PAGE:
Microfluidics Model of an Electroosmotic Micromixer
When you need to mix something at a very small scale you don’t reach for a teeny-tiny whisk. If you’re working with microscale biochemical applications you’d be more likely to rely on diffusion to mix fluids. With highly ordered laminar flow there is no turbulence involved, thus making diffusion a prime candidate for “getting the job done”. But what if you need to mix larger molecules? Larger molecules mean higher molecular weight, which in turn leads to very long equilibration […]
Halloween Special: Cloaking Devices and Capes of Invisibility
What if this Halloween you could take your costume to the next level and turn yourself invisible? There are bounds of references to invisibility throughout fairy tales, folk lore, and pop culture. From capes and hats to cloaking devices, many fictional characters have been provided with a means for rendering themselves invisible. In the spirit of Halloween, let’s have a closer look at cloaking from a fictional and scientific stand-point.
FSI: Aluminum Extrusion Model
Out of all metals, the most frequently extruded is aluminum. Aluminum extrusion entails using a hydraulic ram to squeeze an aluminum bar through a die. This process will form the metal into a particular shape. Extruded aluminum is used in many manufacturing applications, such as building components for example. The process of shaping metal alloys, like aluminum, can be modeled using COMSOL Multiphysics.
Oil Companies Rely Heavily on Engineers
It’s no secret that there’s a lot of guesswork involved in oil production. Oil companies make “Big Money” decisions based on estimates – estimates with huge margins of error. What’s more, there is an incredible amount of risk involved, but with the potential for a large pay-off if all goes according to plan. The plan is based on “best guesses” and less than perfect data. Still, there are many big players in the oil industry that are doing very well […]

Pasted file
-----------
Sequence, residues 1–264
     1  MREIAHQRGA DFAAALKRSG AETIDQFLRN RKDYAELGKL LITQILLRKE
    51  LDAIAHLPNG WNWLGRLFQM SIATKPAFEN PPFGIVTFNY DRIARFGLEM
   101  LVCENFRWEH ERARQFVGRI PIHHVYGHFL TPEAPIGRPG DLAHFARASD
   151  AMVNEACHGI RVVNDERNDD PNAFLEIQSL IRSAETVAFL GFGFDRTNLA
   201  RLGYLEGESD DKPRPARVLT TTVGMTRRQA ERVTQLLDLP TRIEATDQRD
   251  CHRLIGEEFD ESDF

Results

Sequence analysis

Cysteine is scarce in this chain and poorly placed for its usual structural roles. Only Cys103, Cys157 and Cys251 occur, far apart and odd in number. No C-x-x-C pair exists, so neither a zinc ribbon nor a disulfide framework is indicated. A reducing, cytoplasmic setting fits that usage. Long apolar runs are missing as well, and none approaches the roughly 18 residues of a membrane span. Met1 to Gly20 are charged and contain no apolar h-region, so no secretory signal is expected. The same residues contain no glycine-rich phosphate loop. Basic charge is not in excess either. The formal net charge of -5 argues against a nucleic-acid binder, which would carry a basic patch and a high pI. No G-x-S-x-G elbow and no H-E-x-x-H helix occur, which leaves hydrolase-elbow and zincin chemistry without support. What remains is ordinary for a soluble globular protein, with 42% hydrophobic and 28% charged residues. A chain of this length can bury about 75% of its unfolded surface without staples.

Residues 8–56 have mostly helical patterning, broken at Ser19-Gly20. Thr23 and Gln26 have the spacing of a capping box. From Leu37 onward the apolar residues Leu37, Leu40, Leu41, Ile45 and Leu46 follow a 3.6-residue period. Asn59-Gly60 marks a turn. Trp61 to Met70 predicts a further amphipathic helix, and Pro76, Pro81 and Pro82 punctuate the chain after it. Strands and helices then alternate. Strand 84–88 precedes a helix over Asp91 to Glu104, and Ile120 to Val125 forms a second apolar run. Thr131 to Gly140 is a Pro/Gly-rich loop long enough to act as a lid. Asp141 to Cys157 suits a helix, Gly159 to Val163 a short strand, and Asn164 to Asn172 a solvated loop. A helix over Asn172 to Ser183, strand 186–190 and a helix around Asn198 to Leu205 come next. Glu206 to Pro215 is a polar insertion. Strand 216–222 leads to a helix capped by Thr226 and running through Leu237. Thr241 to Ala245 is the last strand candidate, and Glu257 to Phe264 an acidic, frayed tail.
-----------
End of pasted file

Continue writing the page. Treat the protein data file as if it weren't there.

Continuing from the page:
Poroelasticity in Sand
When you work with multiphysics all day you tend to notice physics phenomena everywhere you go. For me, one such moment was when I was walking on the beach this past summer. I noticed that the sand appears whiter around a person’s feet than elsewhere. You may have noticed this too, and like I, wondered “why?” This phenomenon can be explained by the theory of poroelasticity.
New Product that Helps Electrical and Electronics Engineers
As much as we would like to think that finite element analysis (FEA) is the be-all and end-all of simulations, it’s not true. There is also a camp of engineers out there that model integrated circuits and similar systems. These are based on different physics and equations than what FEA typically solves for. Yet, as is happening more and more in the world of virtual prototyping, the two types of simulations are converging. Now they need to integrate with each […]
A Creative Take on RFID Tags
These days, RFID tags are used in many applications. Ranging from packing slips to ID badges, RFID tags are embedded into many different objects by businesses everywhere. Once tagged, these can be tracked to improve functions such as inventory management, security, manufacturing processes, and more. You can also implant an RFID tag into animals, such as cattle or pets, so that they can be found in case of theft or loss, for instance. Wild animals that are found far from […]
Meshing: Cap off for Cap on
Oftentimes when you are working with devices with internal fluid flow, the imported CAD design represents the vessel material. The inside is plainly void. This may leave you clueless since it is inside where you want to create a volume mesh for the flow equations. How can you solve this meshing problem in COMSOL?
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